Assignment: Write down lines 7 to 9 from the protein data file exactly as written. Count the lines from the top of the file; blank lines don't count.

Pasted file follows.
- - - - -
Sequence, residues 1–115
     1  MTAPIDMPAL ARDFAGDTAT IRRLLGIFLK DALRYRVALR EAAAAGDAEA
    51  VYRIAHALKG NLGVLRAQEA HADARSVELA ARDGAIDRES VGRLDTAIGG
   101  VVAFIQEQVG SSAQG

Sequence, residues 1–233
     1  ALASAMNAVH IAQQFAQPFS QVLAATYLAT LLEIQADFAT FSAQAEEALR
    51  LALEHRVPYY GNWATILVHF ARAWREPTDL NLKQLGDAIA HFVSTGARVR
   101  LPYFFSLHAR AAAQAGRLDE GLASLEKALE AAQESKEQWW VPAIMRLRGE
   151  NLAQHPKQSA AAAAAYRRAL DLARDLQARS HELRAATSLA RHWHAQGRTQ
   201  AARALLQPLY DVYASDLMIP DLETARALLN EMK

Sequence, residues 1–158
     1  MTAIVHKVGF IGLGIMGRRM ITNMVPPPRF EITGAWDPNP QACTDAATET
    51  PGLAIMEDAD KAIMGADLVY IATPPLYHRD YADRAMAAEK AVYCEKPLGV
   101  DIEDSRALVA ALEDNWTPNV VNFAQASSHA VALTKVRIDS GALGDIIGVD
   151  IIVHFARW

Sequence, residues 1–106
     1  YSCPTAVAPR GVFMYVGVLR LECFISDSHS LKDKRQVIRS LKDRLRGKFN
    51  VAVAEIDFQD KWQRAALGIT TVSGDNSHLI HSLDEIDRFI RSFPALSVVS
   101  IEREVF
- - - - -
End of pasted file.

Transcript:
    51  LALEHRVPYY GNWATILVHF ARAWREPTDL NLKQLGDAIA HFVSTGARVR
   101  LPYFFSLHAR AAAQAGRLDE GLASLEKALE AAQESKEQWW VPAIMRLRGE
   151  NLAQHPKQSA AAAAAYRRAL DLARDLQARS HELRAATSLA RHWHAQGRTQ